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Support Vector Machine Learning

Active learning in Relativity works with a classification index. Document reviewers indicate in a single choice field whether or not documents are responsive, and the system learns from these decisions using Support Vector Machine (SVM) learning. SVM predicts whether or not documents which have not been reviewed will be relevant based on the coders' decisions.

The documents are compared to coded documents using a spatial model with multiple dimensions. So a document to be evaluated will be measured on its distance from a coded document. A hyperplane divides responsive from non-responsive documents.

Documents are ranked on a scale from 100 to 0. A document that is clearly relevant will have a score closer to 100; a clearly non-responsive document's score will tend toward zero.

Support vector machine learning is not a concept unique to Relativity but is a model used in the general field of machine learning.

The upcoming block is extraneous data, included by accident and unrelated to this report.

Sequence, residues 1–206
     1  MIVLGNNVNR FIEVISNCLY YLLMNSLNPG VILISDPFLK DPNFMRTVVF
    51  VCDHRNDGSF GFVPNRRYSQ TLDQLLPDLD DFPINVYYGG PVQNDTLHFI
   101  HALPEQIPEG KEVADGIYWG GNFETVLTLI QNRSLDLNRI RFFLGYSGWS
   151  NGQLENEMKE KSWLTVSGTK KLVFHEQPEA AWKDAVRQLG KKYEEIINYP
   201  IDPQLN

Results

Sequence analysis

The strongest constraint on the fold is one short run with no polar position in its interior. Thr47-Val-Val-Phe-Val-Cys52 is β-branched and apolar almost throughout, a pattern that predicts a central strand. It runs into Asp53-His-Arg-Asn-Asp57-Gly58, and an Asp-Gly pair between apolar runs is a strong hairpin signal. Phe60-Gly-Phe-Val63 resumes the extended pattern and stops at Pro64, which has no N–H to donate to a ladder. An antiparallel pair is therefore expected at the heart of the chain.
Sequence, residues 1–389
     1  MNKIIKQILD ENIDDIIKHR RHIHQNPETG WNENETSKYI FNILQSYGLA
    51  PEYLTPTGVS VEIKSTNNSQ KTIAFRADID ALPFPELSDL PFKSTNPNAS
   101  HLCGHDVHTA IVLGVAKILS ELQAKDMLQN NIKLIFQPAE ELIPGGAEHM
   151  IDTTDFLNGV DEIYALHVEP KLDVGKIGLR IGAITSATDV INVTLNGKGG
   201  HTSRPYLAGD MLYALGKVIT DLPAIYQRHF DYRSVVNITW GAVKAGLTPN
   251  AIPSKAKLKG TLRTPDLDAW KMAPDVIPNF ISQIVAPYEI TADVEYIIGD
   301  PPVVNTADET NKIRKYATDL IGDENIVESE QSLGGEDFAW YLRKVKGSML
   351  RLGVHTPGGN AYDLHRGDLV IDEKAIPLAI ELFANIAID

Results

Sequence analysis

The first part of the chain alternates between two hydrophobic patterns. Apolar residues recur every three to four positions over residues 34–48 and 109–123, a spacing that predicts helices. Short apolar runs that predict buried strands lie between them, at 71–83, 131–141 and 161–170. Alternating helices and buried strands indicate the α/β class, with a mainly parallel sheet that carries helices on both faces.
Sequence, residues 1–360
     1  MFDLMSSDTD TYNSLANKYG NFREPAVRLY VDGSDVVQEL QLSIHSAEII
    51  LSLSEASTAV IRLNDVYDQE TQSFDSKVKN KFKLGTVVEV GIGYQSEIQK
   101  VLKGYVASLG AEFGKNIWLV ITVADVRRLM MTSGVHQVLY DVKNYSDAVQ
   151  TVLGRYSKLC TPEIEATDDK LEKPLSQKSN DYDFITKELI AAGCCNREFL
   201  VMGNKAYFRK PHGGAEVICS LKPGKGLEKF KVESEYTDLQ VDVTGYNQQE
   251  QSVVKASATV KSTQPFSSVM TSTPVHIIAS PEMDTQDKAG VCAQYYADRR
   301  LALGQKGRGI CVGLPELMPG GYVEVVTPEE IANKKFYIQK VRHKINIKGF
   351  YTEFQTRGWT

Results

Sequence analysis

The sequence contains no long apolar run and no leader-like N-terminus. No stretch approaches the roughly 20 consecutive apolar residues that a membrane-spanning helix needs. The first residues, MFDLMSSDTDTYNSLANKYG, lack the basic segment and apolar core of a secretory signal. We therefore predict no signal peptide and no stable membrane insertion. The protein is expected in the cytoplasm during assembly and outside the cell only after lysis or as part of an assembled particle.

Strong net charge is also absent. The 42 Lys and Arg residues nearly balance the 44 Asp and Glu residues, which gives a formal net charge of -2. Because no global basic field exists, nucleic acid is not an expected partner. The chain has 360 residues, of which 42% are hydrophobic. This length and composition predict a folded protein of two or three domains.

The hyperplane is a line drawn through the responsive and non-responsive sets. It's a linear classifier. The appropriate hyperplane will maximize the distance from the two nearest points from both classes. So in this example, H3 is the most appropriate hyperplane.

SVM algorithms can also be used to classify images and handwriting. The support vectors are those which are closest to the margin of the hyperplane. So a 'support vector' will be a document that is most difficult to code responsive or non-responsive. The support vector machine model is different from linear regression,which uses all points to determine the optimal hyperplane. SVM only uses the difficult points or documents to establish the boundary. Changing a single support vector will cause the decision boundary or hyperplane to move.

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